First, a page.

• Core Content

We then delve into core content on meningitis, encephalitis, and antiNMDA receptor encephalitis using Rosen’s Chapter 109 and Tintinalli’s Chapters 117 and 174 as a guide.

 Rosh Review Emergency Board Review Questions

A 40-year-old man with HIV presents with two weeks of progressive headache, malaise, and fever. On examination, he has mild nuchal rigidity, confusion, and a temperature of 38.2oC. Cerebrospinal fluid analysis shows a white blood cell count 360 cells/mL with a monocyte predominance, glucose 28 mg/dL, and protein 220 mg/dL. What is the treatment of choice?

A. Acyclovir

B. Amphotericin B

C. Ceftriaxone

D. Vancomycin


B. Amphotericin B . Cryptococcal meningoencephalitis is an opportunistic infection that occurs primarily in patients with advanced AIDS, although it can be seen in immunocompromised transplant patients as well. The majority of HIV-related cases occur when the CD4 count is < 100 cells/mm3. Patients present with progressive headache, nausea, malaise, and fever over the course of 1 – 2 weeks. Examination findings are typical for meningitis and include altered mental status, photophobia, and fever. Meningismus is less commonly seen. Presentations can be subtle and a high index of suspicion is needed for diagnosis. A CT scan of the brain is indicated if there are signs of increased intracranial pressure or focal neurologic deficits. Lumbar puncture should be performed with careful measurement of the opening pressure. Cerebrospinal fluid will show a mildly elevated white blood cell count with a monocyte predominance, decreased glucose, and mildly elevated protein. However, in some cases the cerebrospinal fluid will only show minor, if any, abnormalities. Cryptococcal antigen testing of the CSF is nearly 100% sensitive and specific. India ink staining will show budding organisms. Treatment of choice is intravenous amphotericin B in addition to oral flucytosine for 14 days followed by an 8 week course of oral fluconazole.  Acyclovir (A) is used in the treatment of herpes meningoencephalitis. Ceftriaxone (C) and vancomycin (D) are indicated in the treatment of bacterial meningitis.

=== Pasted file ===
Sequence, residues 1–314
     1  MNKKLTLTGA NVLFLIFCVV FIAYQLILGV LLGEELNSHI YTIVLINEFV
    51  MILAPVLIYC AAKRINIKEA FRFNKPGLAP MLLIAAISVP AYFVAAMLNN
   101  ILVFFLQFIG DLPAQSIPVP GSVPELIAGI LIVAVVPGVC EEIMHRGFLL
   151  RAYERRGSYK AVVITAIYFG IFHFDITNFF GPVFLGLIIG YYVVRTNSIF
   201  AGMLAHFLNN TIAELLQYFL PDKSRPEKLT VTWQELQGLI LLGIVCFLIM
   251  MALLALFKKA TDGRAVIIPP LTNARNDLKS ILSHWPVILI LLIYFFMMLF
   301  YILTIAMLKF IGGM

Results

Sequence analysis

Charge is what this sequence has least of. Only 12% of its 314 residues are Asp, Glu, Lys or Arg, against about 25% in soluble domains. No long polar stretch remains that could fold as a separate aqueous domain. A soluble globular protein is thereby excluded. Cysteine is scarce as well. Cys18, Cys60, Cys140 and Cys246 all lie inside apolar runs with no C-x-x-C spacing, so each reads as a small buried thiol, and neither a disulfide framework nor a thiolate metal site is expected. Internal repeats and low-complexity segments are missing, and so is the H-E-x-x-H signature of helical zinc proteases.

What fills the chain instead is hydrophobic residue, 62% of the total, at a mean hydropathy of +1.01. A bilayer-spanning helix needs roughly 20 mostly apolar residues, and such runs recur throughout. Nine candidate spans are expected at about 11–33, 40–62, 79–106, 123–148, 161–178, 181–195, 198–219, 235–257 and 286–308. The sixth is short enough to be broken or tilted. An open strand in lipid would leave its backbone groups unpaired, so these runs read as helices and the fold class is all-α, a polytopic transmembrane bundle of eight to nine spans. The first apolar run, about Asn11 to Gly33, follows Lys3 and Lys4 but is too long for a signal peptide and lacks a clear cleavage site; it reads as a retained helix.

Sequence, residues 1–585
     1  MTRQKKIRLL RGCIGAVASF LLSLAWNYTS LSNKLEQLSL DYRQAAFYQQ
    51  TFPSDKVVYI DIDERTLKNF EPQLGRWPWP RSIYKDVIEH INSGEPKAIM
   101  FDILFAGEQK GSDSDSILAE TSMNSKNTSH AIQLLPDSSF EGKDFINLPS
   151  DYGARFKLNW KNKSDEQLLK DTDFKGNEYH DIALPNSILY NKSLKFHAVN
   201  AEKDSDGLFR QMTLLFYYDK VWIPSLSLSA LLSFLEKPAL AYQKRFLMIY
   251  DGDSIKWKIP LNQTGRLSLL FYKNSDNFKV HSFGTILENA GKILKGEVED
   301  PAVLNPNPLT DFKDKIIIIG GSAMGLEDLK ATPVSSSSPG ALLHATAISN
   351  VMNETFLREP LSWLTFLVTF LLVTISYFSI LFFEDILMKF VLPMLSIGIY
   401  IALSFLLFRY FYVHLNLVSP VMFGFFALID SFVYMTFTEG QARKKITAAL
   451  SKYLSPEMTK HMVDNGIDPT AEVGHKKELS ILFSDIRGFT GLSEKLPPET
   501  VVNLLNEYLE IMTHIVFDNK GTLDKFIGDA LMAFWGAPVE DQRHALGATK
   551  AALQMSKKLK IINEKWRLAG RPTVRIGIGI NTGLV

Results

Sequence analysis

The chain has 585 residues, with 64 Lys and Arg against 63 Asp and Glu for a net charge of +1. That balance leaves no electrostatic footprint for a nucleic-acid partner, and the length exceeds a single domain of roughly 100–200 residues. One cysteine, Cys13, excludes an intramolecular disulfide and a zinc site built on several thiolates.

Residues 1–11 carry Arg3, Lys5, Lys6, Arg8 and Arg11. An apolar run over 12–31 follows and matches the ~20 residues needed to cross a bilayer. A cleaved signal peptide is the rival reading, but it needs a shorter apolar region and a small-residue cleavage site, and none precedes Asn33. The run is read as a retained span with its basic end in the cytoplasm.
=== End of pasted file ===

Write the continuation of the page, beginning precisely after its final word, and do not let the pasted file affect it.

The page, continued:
A previously healthy 18-year-old woman presents to the emergency department with complaints of fever, headache, and neck stiffness. She is accompanied by her sister, who expresses concern because the patient seems suddenly confused and cannot remember what she did yesterday. After you administer empiric intravenous antibiotics, which of the following is the next best step?

A. Chest X-ray

B. Complete blood count with differential